I have two plants this season; picked up at our church greenhouse and I just liked the name. Then I heard a radio program on local foods and a chef extolled the virtues of this mid-Atlantic, specifically B'more, pepper. They are really pretty, a striped light green and white, and are hot but not terribly.
Has anyone grown these?
Yep. They are both ornamental and cookable. The size of the plant was quite different in two successive years, but one of those had much less sun and hot days than the other.
For seeds try J.L.Hudson, Seed Savers Exchange, Garden Crossings, Tomato Growers Supply and several others. Don't try saving seeds, they probably won't produce variegated peppers.
Why would saved seeds not produce variegated plants? They are an open-pollinated variety not a hybrid and pepper plants are highly self-fertile and normally self pollinate. From my experience usually only about 1 in 10 plants I grow from saved seeds turns out to be cross pollinated. To be sure he could always bag some flowers, or manually pollinate some flowers and save those seeds. Both methods are pretty simple and easy.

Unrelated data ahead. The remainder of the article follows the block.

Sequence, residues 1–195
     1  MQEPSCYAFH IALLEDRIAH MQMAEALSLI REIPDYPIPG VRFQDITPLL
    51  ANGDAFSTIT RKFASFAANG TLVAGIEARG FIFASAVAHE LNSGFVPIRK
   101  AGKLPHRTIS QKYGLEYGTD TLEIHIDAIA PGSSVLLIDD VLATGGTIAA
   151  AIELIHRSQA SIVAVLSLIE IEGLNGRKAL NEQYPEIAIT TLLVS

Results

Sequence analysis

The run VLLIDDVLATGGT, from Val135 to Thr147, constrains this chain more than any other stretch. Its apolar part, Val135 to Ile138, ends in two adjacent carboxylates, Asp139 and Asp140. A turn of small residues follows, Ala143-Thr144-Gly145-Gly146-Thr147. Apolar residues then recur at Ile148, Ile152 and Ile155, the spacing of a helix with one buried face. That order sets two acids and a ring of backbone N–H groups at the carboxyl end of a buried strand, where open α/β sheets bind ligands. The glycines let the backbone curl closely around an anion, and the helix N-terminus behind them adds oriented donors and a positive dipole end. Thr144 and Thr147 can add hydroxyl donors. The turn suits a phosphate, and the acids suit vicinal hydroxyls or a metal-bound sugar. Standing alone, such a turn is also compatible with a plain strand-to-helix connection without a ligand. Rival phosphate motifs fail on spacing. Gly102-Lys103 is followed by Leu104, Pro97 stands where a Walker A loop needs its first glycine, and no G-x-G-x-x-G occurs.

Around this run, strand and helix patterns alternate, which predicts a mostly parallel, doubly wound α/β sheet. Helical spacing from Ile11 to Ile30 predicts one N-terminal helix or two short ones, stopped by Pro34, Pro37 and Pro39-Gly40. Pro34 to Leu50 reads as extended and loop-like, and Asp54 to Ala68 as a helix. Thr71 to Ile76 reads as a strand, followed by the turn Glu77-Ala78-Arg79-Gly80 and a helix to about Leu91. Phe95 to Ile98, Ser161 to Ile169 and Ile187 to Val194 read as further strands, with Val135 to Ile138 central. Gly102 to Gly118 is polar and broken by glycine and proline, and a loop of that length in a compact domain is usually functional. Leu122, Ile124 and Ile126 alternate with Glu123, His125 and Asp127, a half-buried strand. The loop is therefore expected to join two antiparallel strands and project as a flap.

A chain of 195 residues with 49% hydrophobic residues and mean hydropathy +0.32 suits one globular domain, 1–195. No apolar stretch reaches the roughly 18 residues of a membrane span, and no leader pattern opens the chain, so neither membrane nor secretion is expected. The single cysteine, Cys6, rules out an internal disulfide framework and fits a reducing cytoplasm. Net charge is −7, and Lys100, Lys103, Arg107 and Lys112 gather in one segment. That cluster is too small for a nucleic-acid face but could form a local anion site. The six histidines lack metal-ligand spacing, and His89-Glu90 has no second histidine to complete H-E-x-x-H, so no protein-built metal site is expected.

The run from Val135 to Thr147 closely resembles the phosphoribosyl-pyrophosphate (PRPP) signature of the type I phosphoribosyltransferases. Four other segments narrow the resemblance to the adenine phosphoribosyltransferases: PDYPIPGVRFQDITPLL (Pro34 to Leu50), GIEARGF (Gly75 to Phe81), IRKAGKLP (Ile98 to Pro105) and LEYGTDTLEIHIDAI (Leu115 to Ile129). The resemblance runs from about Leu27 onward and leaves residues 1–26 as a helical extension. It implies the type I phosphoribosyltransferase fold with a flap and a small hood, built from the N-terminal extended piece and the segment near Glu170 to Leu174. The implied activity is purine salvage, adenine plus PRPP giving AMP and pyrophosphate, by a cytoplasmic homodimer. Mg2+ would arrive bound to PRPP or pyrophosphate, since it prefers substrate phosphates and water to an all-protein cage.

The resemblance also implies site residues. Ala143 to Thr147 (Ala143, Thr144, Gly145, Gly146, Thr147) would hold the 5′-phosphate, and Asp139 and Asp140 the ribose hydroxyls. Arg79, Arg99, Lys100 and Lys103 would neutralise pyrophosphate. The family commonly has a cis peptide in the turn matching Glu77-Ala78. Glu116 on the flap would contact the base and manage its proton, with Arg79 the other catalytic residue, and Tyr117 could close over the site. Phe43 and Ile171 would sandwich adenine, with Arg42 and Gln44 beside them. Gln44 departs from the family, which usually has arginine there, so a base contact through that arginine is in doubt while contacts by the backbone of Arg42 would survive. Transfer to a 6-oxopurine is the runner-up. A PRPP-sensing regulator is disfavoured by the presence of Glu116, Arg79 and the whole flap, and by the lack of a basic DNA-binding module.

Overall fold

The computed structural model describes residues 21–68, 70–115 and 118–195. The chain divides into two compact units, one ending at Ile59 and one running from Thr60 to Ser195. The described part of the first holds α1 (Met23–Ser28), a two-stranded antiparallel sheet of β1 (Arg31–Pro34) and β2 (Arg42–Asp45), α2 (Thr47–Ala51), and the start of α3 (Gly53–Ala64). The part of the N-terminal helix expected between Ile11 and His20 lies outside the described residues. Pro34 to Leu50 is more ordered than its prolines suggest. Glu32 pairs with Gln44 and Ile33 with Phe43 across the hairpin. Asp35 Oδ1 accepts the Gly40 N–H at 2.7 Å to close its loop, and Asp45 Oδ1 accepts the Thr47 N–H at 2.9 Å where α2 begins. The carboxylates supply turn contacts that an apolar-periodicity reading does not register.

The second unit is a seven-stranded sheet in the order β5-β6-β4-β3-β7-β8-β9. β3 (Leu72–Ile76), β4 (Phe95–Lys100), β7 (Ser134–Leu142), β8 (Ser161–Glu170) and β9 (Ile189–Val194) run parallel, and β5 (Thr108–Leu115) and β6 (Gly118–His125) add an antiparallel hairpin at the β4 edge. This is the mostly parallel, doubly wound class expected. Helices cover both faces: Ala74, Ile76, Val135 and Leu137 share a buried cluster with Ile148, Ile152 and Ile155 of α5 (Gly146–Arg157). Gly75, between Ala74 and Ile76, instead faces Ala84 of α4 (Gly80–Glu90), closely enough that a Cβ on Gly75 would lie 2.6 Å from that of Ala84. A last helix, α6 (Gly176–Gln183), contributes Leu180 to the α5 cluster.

The plants are interesting and the pods have a very cool looking striped pattern with many different shades of green and then red before they go completely red. The variegated leaf thing is due to recessive genes that make parts of the leaf unable to produce chlorophyll if I remember correctly. So really it's kind of a genetic defect, but it makes for an interesting looking plant. I don't care too much for the flavor though. It's not bad by any means, definitely better than most ornamental types, but they're fairly bland and unremarkable in my opinion. The heat is really mild to me, but I eat a lot of spicy food so your mileage may vary. Mine were pretty large and productive and had no problems.
Fish peppers have an albino gene which will disappear if crossed with another pepper. Since I grow all my peppers close together, I can't count on saved seeds breeding true. Besides, commercial seeds are not that expensive. True you can depend on the variegation if you bag blossoms and manually pollinate, but I don't have time for such pampering.
I've never grown Fish peppers, but I've tasted ones grown locally near Philadelphia. The ones I saw would ripen to a dark red color, and could actually get quite diabolically hot...so be cautious with them! The level of heat in a pepper varies so much based on conditions though, so it could be that I just had an unusually strong example of them, but the ones I ate were consistently hot--like, Serrano hot, way beyond Jalapeno hot.